A lot of people drive across the White Oak River at the Highway 24 bridges in Swansboro. A far smaller number visitors venture up the White Oak in a boat. The zig and zag of the mostly marked channel in the White Oak tends to limit the number of out of town visitors. There are only a handful of folks who regularly kayak on the White Oak between the Croatan National Forest Access in Cedar Point and the bridges. Up river where I am the number dwindles to almost zero. read more »
I love having a home on an inlet of a big tidal river. Living with the rhythms of the tides means that things are never exactly the same along the water.
When we get a really low tide, the marsh becomes beach front property for fiddler crabs. If we get a really high tide, just about anything can be wandering in the water covered marsh grass including my favorite fish, the red drum.
How high the tide goes depends on lots of things including the wind direction, the moon, and what storm happens to be riding up the coast.
Things get even more exciting out on the river. During a very high tide, oyster bars can be submerged and the river can look like a lake that is easy to navigate.
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When you wake up in the morning and the temperature is just below eighty degrees Fahrenheit, you know that summer is planning to hang around a while. When that warm morning is followed by an afternoon downpour, you can assume you are still in a summer weather pattern.
Many of us, including some fish, were tricked the last couple of weeks around the middle of August. We had some temperatures in the sixties and we thought that maybe fall was just around the corner. With four or five nights when the temperatures got into the sixties, the swimming pools got a little chilly and we fishermen started getting excited.
Unfortunately it was a false alarm. The warmth is back and it looks like it will be here for at least a couple of weeks. The extra days of warmth are good news for beach goers and the tourism folks, but with the drop in traffic from school starting, it will probably not have a huge impact on this season. read more »
We finished June and started July with lots of rain which was much needed. June brought us almost nine inches of rain and we got another couple of inches the first two days of July. That is a lot of rain in a short time.
Fortunately the rest of the week of the 4th of July has turned out great. We always hope our visitors will have wonderful weather for their vacations and once again it has happened.
However, it is a balancing act when it comes to rain. We have lots of farmers in the area in addition to plenty of residents who grow many of their own vegetables. I like to say that we try to schedule the rain at night but it rained much of the last weekend of June.
It is great when we can have weather that pleases almost everyone. It has been perfect beach weather since the rain early in the week.
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We are not as close to the land as we were in seventies and early eighties when we living on a farm in Atlantic Canada and growing almost all our own food.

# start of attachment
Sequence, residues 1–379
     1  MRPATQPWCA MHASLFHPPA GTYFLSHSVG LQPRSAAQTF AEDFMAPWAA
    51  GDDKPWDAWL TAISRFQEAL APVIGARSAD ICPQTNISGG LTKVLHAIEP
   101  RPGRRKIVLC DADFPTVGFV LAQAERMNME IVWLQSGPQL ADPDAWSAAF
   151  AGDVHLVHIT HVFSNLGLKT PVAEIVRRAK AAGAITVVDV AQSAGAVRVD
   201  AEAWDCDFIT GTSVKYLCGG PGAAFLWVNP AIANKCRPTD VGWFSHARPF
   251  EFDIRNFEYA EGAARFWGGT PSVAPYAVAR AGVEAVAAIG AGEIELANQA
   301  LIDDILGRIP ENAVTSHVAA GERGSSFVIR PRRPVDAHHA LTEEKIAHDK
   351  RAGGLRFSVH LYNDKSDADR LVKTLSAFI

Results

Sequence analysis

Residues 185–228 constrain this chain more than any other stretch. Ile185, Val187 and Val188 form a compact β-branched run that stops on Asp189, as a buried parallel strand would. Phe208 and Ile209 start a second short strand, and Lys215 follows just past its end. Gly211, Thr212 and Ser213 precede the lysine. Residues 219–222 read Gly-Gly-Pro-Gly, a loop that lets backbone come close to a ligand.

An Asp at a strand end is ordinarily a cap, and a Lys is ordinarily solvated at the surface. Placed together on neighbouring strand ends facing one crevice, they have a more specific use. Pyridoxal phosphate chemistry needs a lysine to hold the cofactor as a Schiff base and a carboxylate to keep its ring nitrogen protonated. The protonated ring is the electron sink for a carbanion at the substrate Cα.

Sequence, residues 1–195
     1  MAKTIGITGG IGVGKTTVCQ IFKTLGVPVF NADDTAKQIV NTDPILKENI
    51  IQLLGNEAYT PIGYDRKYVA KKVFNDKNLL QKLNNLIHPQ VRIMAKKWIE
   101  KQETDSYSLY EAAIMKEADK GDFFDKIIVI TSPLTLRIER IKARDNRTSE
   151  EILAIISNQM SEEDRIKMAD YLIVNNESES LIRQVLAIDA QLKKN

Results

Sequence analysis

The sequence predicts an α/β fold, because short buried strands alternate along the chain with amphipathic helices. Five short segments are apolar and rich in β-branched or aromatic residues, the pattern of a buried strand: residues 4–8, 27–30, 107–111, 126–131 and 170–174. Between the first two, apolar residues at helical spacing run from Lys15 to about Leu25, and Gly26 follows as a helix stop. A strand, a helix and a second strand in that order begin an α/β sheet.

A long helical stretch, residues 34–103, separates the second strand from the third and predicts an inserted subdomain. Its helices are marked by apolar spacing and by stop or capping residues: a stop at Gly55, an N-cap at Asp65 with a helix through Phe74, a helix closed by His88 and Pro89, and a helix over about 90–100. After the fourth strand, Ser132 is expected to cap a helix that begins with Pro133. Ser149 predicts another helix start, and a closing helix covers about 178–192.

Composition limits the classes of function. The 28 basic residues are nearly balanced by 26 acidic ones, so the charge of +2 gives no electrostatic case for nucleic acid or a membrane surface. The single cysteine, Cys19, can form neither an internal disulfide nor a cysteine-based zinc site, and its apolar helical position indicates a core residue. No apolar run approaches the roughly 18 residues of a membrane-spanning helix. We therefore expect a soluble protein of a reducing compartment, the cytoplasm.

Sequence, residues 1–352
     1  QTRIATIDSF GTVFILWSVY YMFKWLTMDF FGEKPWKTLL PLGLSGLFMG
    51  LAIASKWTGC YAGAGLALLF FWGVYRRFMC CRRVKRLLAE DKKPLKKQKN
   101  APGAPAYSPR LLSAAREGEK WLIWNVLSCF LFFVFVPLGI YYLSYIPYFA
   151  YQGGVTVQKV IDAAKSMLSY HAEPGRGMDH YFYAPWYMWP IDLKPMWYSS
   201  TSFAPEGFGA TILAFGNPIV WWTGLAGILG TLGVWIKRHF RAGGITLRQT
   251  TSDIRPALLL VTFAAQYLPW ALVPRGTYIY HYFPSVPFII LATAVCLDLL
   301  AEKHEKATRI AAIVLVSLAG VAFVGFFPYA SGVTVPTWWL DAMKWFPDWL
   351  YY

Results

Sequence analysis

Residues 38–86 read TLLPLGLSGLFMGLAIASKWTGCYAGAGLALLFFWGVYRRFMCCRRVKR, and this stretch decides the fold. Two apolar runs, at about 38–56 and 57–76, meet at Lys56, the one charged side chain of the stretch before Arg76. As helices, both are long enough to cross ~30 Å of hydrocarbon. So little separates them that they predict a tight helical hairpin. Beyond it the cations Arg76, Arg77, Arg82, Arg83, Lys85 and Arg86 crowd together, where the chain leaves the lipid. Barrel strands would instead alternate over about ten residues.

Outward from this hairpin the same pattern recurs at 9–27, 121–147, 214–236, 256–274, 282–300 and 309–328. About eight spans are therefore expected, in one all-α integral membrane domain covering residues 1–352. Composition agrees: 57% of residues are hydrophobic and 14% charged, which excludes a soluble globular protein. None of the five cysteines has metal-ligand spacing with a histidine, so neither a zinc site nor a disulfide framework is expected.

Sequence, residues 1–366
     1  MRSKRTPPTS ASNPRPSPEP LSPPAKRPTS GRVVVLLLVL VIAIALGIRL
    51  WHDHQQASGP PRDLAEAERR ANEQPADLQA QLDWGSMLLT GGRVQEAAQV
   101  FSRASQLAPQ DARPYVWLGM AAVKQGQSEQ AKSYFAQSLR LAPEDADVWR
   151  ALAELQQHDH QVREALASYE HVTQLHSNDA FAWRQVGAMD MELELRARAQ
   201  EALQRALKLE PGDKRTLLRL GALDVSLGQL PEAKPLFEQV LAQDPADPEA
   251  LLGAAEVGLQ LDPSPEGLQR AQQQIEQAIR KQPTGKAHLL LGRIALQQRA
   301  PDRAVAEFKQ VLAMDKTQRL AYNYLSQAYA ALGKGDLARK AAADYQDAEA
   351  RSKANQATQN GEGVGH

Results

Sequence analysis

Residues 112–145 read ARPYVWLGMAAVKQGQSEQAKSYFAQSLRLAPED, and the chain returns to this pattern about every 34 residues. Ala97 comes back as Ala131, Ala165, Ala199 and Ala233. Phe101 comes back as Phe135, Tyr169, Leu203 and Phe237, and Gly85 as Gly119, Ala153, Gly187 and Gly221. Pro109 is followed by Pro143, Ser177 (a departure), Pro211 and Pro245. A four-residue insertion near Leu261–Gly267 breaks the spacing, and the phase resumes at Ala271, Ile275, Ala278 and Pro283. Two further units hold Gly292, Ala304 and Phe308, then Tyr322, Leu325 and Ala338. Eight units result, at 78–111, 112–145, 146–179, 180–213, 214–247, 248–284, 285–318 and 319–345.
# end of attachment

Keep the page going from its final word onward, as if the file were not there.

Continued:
However, we still drive by fields on our way to the grocery store but now they are corn and winter wheat instead of hay and oats. Our local corn is waist high this first week of June 2013. It is certainly looking much better than it did a week ago. The winter wheat is almost ready to harvest.
Most people think ocean and beaches when they hear our home up the White Oak River is less than ten minutes from the beaches of Emerald Isle.
However, we are here for more than just the beaches. We came to Western Carteret County because of the protected setting of the area’s beaches and the small town environment. Those farm fields are part of the attraction to us.
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There is a more update (March 2014) version of this article at this link.
None one who lives at the beach is surprised when they hear that some sand has moved. It happens on the beach. Even some roads here get sand covered. We plow sand here at the beach like folks plow snow up North.
Still the story of the Point at Emerald Isle is an amazing story even to those of us accustomed to sand moving.
In late October, 2007, a little over a year after we moved here to the Southern Outer Banks, I decided that I would get a beach driving permit. It did not take long to get one from the folks in Emerald Isle. Right after we got it we headed down Coast Guard Road to the Point area which as a wintertime beach access for vehicles.
We were surprised with what we saw, but first I will give you some background information on the Point. read more »
It is March here on the Crystal Coast and the winds that herald the changing of the seasons have arrived. While wind on North Carolina's coast is not uncommon, the wind is rarely as persistent as the wind that we used to endure on Nova Scotia's coast.
However, even the spring winds here in North Carolina do not give up easily.
Predicting the winds is about as easy as predicting the weather. For over twenty years we had a home on a mountainside in Roanoke, Virginia and we got some serious wind there. A gust of wind hit the front of our home late one night and a window got blown into the room of our youngest daughter. It certainly shocked her and made sleeping in her room during roaring winds a little bit of a challenge for a while.
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